Travelling clinics to help children in Somalia’s remotest areas stay healthy
By Mike Pflanz
DALOW, Northwest Somalia “Somaliland”, 20 September 2011 – Sofiya Abdullahi watched anxiously as her three-year-old son Abdirahman stepped onto the electronic scales.
For weeks, he has struggled to beat a bout of chronic diarrhoea. Growing sicker, he had refused food and lost energy.
Sofiya’s family are nomadic herders, walking the bush finding pasture for their goats, sheep and camels in a remote and mountainous corner of northwest Somalia far from any major towns.
They survive on their animals’ milk. In times of drought, like recently, that dries up and children are vulnerable to malnutrition and the illnesses which cause it.
“There was no health care available for people like us,” she said. “When my son fell sick, I tried some traditional medicines which did not help.”
But then she heard about a team of nurses travelling from village to village across the region, holding regular clinics checking and treating sick children.
A fortnight ago, she walked down off the mountains with her son and his 12-month-old brother, Nasir, to the village of Dalow, where she knew the team would be visiting.
“Both of the boys were malnourished, but it was not too late,” said Hodo Kayse, a midwife and nurse with the Somali Red Crescent Society, which runs these mobile clinics.
“We started them on treatment and you can see that both are recovering well.”
Sofiya smiled as the scales showed that Abdirahman’s weight had increased from 10.1kg when Hodo first checked him two weeks ago to 10.8kg today.
The clinic is part of the Outpatient Therapeutic Programme (OTP), supported by UNICEF with funding from the European Commission Humanitarian Aid Department, which treats children before they become so sick that they need hospitalisation.
Before the mobile OTP team began touring these villages, there were few options for sick children.
“We had to take them to Berbera or Hargeisa, the nearest towns,” said Ubdi Ibrahim, 30, whose two-year-old son Abdikhadar was declared fully recovered after a month of admission in the malnutrition management programme.
“That is far and expensive, and the only transport is trucks coming to buy camel milk. All of us know someone whose child died in the past because this place is far from health services.”
Now, those health services come to them. One recent morning, 40 mothers waited patiently as the three-person Red Crescent team methodically checked children’s height, weight and upper-arm circumference.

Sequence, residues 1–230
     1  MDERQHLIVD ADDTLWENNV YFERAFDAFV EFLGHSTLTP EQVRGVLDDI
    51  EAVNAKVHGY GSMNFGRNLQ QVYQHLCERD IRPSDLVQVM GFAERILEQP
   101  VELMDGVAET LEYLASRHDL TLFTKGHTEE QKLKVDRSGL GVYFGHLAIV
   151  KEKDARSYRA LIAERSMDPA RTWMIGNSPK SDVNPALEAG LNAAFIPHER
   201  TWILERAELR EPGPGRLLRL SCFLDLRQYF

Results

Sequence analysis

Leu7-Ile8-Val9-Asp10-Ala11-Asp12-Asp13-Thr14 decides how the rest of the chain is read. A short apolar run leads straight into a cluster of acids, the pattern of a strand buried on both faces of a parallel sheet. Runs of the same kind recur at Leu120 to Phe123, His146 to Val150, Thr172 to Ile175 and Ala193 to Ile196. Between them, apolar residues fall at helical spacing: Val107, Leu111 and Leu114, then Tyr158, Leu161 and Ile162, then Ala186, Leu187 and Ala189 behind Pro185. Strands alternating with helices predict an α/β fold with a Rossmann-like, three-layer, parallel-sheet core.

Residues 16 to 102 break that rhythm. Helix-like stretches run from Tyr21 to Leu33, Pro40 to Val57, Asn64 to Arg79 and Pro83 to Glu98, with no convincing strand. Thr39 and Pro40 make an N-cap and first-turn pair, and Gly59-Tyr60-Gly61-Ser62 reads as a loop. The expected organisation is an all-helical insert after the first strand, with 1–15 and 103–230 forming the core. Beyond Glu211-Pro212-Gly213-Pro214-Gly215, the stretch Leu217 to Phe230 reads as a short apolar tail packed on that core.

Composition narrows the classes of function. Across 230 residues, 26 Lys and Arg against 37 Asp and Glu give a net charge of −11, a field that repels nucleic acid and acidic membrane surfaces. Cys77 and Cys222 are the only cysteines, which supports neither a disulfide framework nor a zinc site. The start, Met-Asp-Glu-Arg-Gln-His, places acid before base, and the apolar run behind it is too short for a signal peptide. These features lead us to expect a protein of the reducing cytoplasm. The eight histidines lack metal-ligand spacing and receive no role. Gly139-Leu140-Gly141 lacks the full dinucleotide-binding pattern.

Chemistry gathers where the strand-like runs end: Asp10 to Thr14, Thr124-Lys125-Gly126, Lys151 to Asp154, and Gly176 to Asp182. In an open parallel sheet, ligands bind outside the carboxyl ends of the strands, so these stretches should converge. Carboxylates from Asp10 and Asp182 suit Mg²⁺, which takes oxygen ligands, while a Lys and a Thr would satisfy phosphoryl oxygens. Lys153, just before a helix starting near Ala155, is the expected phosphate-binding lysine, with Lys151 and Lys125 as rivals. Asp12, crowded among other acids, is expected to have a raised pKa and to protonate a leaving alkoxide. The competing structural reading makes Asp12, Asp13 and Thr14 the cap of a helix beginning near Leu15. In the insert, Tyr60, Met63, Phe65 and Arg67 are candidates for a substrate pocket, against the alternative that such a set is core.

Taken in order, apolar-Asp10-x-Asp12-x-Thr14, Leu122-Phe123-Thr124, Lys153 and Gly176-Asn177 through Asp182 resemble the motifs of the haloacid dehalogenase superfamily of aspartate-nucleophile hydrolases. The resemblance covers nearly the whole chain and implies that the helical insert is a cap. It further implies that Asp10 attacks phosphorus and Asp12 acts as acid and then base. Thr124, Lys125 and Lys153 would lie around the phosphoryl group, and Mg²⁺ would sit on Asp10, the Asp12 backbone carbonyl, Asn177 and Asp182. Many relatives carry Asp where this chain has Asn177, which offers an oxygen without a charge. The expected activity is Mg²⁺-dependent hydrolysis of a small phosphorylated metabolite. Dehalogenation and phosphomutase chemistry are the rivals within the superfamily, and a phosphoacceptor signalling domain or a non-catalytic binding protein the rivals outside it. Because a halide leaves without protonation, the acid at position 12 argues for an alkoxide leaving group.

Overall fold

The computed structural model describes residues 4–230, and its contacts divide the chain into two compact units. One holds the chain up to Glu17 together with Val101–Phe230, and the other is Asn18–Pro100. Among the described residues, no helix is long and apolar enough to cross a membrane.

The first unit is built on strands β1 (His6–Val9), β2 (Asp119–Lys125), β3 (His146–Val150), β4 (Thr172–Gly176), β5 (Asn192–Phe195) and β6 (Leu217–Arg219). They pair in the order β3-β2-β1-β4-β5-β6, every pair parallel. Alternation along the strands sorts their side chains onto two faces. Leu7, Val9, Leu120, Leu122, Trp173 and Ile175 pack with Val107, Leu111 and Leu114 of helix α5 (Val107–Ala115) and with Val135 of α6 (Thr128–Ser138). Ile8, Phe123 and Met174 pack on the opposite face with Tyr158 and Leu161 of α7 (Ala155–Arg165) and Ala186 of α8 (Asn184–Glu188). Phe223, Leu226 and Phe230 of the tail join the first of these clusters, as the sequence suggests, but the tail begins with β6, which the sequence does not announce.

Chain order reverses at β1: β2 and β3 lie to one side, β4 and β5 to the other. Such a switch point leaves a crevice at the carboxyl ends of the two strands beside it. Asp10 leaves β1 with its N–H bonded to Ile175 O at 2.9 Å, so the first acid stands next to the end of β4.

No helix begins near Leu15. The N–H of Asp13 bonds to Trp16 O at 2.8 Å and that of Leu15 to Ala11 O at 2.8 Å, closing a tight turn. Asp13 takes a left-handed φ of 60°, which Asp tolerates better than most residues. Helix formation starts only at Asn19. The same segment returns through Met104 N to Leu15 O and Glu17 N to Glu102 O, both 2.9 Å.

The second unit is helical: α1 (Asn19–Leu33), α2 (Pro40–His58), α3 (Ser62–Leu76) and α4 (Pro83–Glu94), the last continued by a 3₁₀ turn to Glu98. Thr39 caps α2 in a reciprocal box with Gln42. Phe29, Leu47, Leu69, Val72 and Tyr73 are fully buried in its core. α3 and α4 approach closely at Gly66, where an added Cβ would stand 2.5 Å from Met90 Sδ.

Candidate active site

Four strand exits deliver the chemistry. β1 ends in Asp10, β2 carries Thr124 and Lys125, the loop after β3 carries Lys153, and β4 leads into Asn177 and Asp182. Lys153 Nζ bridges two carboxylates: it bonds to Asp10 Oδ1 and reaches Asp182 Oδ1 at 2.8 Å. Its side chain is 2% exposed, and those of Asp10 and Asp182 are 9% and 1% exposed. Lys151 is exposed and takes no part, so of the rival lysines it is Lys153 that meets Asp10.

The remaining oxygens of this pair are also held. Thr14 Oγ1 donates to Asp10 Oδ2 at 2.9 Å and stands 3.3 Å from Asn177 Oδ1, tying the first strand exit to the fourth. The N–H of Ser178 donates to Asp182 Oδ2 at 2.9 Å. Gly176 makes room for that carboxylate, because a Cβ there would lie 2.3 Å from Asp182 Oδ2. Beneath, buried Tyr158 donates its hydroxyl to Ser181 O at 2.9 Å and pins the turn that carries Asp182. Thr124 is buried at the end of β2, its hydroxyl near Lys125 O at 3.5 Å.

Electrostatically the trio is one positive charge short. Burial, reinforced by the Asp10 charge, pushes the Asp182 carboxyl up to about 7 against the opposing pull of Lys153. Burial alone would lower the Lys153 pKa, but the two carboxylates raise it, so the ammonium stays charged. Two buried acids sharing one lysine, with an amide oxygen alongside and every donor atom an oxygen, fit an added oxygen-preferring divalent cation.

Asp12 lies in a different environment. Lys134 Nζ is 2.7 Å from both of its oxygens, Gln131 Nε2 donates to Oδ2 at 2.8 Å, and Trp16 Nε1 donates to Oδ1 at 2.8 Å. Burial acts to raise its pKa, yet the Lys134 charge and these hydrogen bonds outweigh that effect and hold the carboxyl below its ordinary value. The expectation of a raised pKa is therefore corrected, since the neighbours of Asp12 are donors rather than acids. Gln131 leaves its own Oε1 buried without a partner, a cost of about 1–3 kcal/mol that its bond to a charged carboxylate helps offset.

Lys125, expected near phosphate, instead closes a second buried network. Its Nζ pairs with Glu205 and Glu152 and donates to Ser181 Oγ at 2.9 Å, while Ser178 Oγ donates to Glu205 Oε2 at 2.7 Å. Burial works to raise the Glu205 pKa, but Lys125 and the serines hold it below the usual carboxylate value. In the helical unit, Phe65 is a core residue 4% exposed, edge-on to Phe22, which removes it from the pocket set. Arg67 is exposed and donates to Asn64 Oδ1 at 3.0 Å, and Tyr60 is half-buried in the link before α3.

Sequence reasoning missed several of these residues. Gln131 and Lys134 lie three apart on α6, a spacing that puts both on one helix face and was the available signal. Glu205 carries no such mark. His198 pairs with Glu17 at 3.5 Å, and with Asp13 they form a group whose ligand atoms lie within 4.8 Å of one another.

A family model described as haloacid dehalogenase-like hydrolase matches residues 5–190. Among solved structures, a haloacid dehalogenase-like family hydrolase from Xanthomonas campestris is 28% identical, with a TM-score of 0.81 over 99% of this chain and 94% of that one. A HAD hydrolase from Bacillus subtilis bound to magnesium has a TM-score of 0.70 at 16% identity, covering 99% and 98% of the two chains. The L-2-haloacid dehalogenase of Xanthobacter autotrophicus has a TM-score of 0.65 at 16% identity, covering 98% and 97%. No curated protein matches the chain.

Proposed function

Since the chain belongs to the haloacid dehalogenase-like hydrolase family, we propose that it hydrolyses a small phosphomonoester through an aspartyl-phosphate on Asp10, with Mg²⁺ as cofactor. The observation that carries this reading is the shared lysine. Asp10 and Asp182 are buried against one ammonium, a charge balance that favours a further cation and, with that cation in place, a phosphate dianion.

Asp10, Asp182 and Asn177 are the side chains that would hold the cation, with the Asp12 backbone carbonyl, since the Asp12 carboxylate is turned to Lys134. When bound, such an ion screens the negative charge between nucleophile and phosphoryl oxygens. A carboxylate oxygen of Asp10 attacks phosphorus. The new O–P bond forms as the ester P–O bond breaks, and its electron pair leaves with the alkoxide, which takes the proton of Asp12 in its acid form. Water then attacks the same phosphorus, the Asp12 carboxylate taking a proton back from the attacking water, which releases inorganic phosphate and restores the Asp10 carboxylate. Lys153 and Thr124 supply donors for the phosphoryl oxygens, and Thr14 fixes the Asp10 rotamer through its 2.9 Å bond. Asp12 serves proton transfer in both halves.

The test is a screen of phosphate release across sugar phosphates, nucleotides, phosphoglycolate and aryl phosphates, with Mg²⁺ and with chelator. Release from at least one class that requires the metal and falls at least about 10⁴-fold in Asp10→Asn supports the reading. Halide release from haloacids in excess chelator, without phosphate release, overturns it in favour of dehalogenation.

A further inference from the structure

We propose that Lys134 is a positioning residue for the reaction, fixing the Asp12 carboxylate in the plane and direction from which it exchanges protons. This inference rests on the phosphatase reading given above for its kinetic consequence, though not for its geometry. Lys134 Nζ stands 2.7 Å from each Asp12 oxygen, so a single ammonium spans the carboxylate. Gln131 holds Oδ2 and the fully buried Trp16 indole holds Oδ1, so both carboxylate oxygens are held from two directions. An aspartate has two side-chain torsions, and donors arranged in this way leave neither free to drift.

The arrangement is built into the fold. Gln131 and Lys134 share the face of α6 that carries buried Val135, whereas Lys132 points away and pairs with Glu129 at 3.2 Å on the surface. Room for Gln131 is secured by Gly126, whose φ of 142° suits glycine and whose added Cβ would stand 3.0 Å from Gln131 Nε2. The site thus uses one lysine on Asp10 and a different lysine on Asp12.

These measurements help nurses calculate if a child needs special feeding to fight malnutrition, usually with Ready-to-use therapeutic food, a pre-packaged high-nutritional value peanut paste formulated to treat severe acute malnutrition.
Those with underlying conditions – pneumonia, for example – receive the necessary medicines. At the same time, nurses talk to mothers about how best to feed their children, how to wash their hands and boil drinking water, and other steps to keep their families healthy.
In a corner, another of the SRSC team is giving babies immunisation shots. All of the children seen today will return in two weeks when the clinic next passes through, for follow-up consultations.
For those who fail to respond to treatment, or come when they are already very sick, nurses refer them to the nearest hospital with an inpatient Stabilisation Centre.
This is a special ward where severely malnourished children can be treated and monitored around the clock. There are 21 Stabilisation Centres and more than 800 Outpatient Programme facilities across Somalia which UNICEF supports.
Down on the coast, a two-hour bumpy drive from Dalow, Zamzam Abdi’s daughter Asma is growing stronger after almost four weeks in Berbera Hospital.
She is 20 months old, but looks barely bigger than her three-month-old brother, Ahmed, lying next to her.
In Zamzam’s village, there are private pharmacies, and a health post, but “none of
“It was my last resort to come to the hospital, but she was so sick she was lying down not moving, like a person in a coma,” she said. “There were children who were sick in my village, and they died. That scared me very much, and that’s why I came here.”
It was a difficult choice. Her three eldest children are now scattered among relatives, and for the month that Asma has been in hospital, Zamzam has been unable to earn any money for the family.
“It is very much easier to treat a child before they become very sick, and it means there is not so much bad impact on the family,” said Layla Hassan, an SRCS health officer, who helps manage the mobile OTP team.
“All we need is to be able to continue, and even to add more teams, to reach more people.”